Friday, 18 July 2008



Driving in Japan, as with most things in this country has some curious
quirks, the most obvious is being a member of the unholy alliance of
stubborn island nations along with the ""we are not European".
Britons and the "its just not worth the effort mate" Australians. who
all insist left hand drive is a jolly good idea, try doing a gear
shift from 1st to 3rd with your left hand and tell me once again that

And once again, like with most things, they've tried ridiculously hard
removing any possible risk of the endeavour of driving, this means at
the slightest sight of anything remotely resembling a house, or - god
orbit - a sharp corner, there will be a speed limit of 40 kmh, and
just in case you miss the signposting, they will print it with big
yellow letters across the road too! Overtaking is definantly not the
norm, but the ridiculously low speed limits have made even the Japanese
- or rather the Hokkaidians - guilty of speeding, by a good 30-40%
that is. Officials are quick to point out this has made Hokkaido the
most dangerous place in japan to drive, I'll bet you that the numbers
are still ridiculously low compared to the outside the world. And I
don't blame them one bit, the roads are so fun to drive its
ridiculous - thinly trafficked, in ludicrous good condition, and
jam packed with turns in just the right angle. This all contributed to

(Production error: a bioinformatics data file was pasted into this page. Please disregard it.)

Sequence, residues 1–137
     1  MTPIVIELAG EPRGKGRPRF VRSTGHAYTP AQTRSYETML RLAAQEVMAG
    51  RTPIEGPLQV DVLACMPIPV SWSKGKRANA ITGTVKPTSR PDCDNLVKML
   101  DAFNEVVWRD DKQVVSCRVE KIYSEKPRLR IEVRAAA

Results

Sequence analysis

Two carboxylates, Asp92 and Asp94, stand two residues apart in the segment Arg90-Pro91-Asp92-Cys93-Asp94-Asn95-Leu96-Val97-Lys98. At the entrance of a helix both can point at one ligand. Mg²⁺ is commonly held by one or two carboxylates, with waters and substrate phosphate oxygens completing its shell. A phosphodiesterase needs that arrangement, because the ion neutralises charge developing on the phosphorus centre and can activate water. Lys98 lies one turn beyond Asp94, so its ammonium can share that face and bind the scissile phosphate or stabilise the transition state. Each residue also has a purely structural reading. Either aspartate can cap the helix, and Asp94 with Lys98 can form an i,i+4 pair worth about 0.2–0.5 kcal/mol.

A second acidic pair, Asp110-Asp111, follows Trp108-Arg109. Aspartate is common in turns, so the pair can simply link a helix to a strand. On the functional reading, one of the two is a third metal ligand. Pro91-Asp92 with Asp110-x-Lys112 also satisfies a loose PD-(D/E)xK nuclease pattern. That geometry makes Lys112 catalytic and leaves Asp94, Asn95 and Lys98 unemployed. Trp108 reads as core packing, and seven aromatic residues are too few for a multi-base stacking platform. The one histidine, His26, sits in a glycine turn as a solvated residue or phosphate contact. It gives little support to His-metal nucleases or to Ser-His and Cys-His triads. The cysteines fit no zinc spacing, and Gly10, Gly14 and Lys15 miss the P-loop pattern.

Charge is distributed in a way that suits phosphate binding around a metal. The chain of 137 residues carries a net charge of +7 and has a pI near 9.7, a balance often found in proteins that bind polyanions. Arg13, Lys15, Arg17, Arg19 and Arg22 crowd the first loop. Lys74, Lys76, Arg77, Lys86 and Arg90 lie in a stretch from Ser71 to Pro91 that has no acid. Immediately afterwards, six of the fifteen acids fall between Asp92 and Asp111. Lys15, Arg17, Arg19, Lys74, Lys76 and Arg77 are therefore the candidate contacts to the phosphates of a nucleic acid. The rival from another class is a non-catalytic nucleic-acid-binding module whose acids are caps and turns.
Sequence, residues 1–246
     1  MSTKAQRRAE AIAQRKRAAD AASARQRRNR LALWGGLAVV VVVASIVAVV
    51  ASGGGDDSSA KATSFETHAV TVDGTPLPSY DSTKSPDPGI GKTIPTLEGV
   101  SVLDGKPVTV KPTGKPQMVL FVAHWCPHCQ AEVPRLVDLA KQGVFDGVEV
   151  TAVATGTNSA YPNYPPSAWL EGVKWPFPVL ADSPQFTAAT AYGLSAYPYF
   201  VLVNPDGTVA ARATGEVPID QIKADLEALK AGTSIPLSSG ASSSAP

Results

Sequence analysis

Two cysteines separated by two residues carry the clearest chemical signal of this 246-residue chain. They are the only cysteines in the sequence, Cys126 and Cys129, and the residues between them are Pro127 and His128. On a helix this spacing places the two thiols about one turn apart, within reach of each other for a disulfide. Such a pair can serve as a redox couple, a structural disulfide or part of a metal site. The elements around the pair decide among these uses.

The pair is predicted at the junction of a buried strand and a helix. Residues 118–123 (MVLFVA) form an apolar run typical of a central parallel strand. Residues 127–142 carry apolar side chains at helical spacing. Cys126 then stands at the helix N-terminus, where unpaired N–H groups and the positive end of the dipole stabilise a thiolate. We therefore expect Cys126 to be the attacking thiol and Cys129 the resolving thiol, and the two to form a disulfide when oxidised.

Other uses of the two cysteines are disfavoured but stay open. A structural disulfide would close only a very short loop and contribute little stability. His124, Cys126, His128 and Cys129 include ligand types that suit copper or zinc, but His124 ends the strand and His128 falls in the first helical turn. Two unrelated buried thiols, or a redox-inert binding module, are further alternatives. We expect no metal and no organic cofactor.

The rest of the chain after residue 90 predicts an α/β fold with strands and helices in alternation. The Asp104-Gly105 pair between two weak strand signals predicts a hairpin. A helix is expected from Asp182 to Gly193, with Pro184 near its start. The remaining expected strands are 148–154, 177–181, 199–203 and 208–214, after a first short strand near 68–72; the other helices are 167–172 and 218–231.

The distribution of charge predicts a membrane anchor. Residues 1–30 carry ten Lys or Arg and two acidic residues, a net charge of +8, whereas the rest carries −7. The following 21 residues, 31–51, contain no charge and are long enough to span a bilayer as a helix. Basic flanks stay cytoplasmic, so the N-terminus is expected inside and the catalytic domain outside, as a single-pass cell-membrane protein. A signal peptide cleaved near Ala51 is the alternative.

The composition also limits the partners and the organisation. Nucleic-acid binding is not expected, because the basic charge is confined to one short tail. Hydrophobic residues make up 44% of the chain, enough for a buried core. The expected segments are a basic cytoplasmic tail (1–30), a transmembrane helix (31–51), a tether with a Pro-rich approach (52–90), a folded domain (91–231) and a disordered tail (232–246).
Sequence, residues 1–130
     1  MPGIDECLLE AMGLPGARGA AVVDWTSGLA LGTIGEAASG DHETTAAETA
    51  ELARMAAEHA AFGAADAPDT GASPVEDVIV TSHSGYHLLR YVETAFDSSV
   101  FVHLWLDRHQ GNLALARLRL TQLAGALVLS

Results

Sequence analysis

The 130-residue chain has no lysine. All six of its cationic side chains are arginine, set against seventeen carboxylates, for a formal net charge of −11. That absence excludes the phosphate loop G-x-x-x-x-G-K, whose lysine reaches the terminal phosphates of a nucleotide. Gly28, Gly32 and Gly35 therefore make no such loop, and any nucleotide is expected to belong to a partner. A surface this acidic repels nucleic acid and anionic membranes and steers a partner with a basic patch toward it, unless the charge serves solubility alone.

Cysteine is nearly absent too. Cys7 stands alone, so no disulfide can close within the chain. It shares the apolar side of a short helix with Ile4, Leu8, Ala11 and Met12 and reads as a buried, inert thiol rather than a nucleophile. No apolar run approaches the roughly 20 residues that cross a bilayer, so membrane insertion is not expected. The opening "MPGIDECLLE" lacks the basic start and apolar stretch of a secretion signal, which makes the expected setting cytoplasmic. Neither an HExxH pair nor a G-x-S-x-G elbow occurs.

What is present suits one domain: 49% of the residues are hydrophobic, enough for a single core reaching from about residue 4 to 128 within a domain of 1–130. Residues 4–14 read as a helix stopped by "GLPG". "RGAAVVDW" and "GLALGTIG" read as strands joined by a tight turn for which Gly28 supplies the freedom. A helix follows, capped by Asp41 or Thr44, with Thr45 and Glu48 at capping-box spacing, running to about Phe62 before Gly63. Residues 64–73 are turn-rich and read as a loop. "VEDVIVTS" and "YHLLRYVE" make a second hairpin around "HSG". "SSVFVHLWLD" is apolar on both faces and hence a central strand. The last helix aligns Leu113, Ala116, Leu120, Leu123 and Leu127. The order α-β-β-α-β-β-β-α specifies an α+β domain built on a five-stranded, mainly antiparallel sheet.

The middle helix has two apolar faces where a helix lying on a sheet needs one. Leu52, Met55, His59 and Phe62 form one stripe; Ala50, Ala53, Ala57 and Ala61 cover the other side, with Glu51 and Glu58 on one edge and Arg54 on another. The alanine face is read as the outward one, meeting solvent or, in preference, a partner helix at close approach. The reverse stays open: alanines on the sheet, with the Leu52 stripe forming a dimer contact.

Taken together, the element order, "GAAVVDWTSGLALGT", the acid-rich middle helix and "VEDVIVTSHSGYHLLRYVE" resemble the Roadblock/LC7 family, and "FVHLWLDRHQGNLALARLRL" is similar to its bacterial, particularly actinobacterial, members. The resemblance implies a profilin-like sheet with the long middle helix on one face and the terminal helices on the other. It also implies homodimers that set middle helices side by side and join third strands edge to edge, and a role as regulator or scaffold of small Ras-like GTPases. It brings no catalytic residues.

making the 400 km drive from Kushiro to Biei an all the more enjoyable
experience, especially driving through the southern reaches of the
Daisetsuzan national park was stunning.

Darkness had set in by the the time I pulled onto the parking lot of
the Biei potato inn, set among pretty farmlands in a valley tract with
a view over the Daisetsuzan Mountains, the whole area seemed to double
as Japans food chamber and a North European imitation for busy Japanese
people with too little time for the real thing - complete with
tractors whisking busloads of tour groups on carriages in between the
wheat fields towards touristy lavender farms. The hostel though was far
enough from the valleys main drag, to only attract a rather pleasant
crowd. My old teacher's advise that one knows that you speak a decent
Japanese when people stop telling you it's good, was ringing in my
ears, as the owner was doing just that.

- Stefan

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